The visual signifiers of a gangster film include weapons such as guns; the setting being usually in a big city, smart clothing on the successful, superior gangsters and shabby clothing on the younger figures living in a gangster lifestyle. The visual signifiers of Angels with Dirty Faces which helped determine it was a gangster film was the enclosed urban city setting, the troublesome youths stealing from a cargo train and the fast and anticipating music when they are running from the police, followed by the downbeat, ominous tone of music when one of the youths are caught.
The verbal signifiers also helps one determine the genre of a film, as the dialogue and language used can indicate the film. The way the two young boys speak, along with how they are dressed, shows their upbringing in an unprivileged, urban lifestyle. The first shot shows a newspaper headline, which reads “Harding nominated for President” reveals to the audience that the film was set in 1921. The film shows many front page newspaper close-ups throughout, which helps the audience follow what is going on without having to show a clip-by-clip action.
Angels with Dirty Faces follows the pattern of other gangster genre films by the execution of Sullivan at the end, showing the rise and fall of the gangster. This portrays a message to the audience that the gangster never wins. For morality purposes, the gangster cannot be seen as glorified and must always be seen to be defeated or killed in order to protect society. In his article, “Teaching through Genre”, Tom Ryall says that “Genres may be defined as patterns/forms/styles/structures which transcend individual films, and which supervise both their construction by the film maker, and their reading by an audience.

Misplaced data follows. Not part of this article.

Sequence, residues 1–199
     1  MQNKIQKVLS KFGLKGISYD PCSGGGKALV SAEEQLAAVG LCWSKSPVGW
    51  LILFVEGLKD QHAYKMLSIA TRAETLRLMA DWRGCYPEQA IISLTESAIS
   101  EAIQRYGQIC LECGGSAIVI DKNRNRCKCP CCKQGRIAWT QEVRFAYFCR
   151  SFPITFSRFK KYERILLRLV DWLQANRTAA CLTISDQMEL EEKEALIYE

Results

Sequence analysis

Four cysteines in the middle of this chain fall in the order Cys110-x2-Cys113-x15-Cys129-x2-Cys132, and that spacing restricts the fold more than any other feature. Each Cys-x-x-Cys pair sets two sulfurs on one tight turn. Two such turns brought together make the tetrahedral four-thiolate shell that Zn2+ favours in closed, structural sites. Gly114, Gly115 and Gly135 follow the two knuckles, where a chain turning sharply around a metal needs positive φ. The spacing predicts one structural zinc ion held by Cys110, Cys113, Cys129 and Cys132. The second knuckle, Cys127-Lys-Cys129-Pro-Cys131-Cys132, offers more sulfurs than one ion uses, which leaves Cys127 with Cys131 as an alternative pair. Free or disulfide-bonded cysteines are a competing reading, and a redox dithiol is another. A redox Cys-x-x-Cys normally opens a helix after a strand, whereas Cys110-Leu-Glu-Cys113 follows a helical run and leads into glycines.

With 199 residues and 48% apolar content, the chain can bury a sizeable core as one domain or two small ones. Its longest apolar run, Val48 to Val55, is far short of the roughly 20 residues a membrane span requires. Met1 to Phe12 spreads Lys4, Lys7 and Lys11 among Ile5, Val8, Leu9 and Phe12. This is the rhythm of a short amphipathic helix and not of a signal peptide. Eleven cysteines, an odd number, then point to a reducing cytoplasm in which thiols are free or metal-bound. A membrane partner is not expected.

Madden 4 Ryall is saying that although films are made individually, they follow some patterns or structures which categorises them into certain types of genre. The gangster film follows certain aspects regarding iconography, setting, events etc. which make it fall into the gangster genre. Angels with Dirty Faces follows some of the forms and structures of other gangster films such as the use of weapons, the violence, the slick clothing of the higher gangsters and the death of the gangster at the end which all show why it locates itself in the Gangster genre.
Iconography is also used when defining genre as it helps an audience fulfil their expectations. Madden 5 Works Cited Angels with Dirty Faces. Dir. Michael Curtiz. Perf. James Cagney, Pat O’Brien, Humphrey Bogart. Warner Bros, 1938. DVD. Sklar, Robert. A World History of Film. Ed. Katherine Rangoon Doyle. New York: Harry N. Abrams, Inc. , 2002. Print. Hollows, Joanne, and Mark Jancovich, eds. Approaches to Popular Film. Manchester: Manchester University Press, 1995. Print.
Nelmes, Jill, ed. An Introduction to Film Studies. 2nd Ed. New York: Routledge, 1999. Print. Kipp, Jeremiah. “Angels with Dirty Faces”. Rev. of Angels with Dirty Faces, dir. Michael Curtiz. Slant Magazine Online: 2 Feb. 2005. Web. 17 Nov. 2012. Tudor, Andrew. Theories of Film. New York: Viking Adult, 1974. Print. Schatz, Thomas. Hollywood Genres: Formulas, Filmmaking, and the Studio System. New York, N. Y. : McGraw-Hill Humanities/Social Sciences/Languages, 1981. Print.